My Broadcasting Journey Landscape in ‘Reel Life’– Pioneer NTA DG, Vincent Maduka
Veteran broadcast engineer Vincent Maduka’s ‘Reel Life’ chronicles the history of public broadcasting service in Africa, particularly from a Nigerian perspective.
The memoir captures both his personal and professional experiences at Western Nigeria Television (WNTV) from 1961 to 1968, to when he became the Director-General of the Nigerian Television Authority (NTA) from 1977 to 1986.
One of the memoir’s key themes is the use of TV programme content as a tool for unity and cultural change. Maduka provides exhaustive and relatable examples of how programmes such as ‘Village Headmaster’, ‘Cock Crow at Dawn’, and ‘New Masquerade’ promoted Nigeria’s diversity and culture. He also details the background, development, and training of manpower that formed the core of the personnel that started Nollywood.
“The Nigerian constitution of 1979 gave power to not only regions but also to individuals to set up TV stations. And the quality of TV today is likely the root of that. It has opened up competition, and people now have the choice, and stations are now competing for viewership. Clearly, the quality has gone up compared to what could have been a monopoly.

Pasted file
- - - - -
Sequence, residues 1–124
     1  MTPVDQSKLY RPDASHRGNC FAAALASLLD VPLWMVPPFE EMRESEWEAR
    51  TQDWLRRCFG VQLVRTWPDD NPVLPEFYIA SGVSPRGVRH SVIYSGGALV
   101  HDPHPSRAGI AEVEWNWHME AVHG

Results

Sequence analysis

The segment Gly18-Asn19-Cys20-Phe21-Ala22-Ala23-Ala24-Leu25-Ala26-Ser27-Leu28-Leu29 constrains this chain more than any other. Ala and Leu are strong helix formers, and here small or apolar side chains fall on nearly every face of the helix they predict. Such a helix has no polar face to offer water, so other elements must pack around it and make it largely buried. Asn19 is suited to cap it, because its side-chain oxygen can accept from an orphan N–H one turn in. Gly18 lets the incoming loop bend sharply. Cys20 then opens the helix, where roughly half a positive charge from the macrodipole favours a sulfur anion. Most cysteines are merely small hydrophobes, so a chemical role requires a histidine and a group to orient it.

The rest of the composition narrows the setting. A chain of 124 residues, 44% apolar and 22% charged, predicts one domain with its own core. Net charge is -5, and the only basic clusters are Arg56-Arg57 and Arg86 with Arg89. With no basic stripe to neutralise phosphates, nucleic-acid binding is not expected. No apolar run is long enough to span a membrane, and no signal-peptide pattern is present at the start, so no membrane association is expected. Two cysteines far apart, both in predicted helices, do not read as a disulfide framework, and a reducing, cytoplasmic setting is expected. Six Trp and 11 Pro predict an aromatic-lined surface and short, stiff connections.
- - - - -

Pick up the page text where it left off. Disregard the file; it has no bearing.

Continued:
“With monopoly, we were the ones struggling to set standards, set benchmarks. The BBC, the American, those were the people we looked up to. Today, you look at your neighbour, you want to beat them,” Maduka said at a book reading recently held at Rovingheights Bookstore, Landmark Centre, Lagos. The War Against Indiscipline (WAI) campaign, which aimed to execute a mass mobilization or change of culture campaign with the use of themes and related actions on indiscipline, is another highlight of ‘Reel Life’. Maduka provides details on the background, development, and successful execution of the campaign, including how NTA filmed and edited the related actions and corrections for broadcasting.
His personal experiences with different military governments are also highlighted. He provides an insightful account of how civil servants deified military rulers, and how the civilian government of Shehu Shagari removed him from the role of NTA Director General (DG) for the station’s non-partisan role.He also demonstrates courage in his voluntary retirement from public service at the relatively young age of 50. ‘Reel Life’ shows that one can still achieve a lot after public service, considering Maduka’s exploits and achievements after retirement, including his work on the liberalization of the Nigerian telecommunication sector and the birth of its regulator, Nigerian Communication Commission.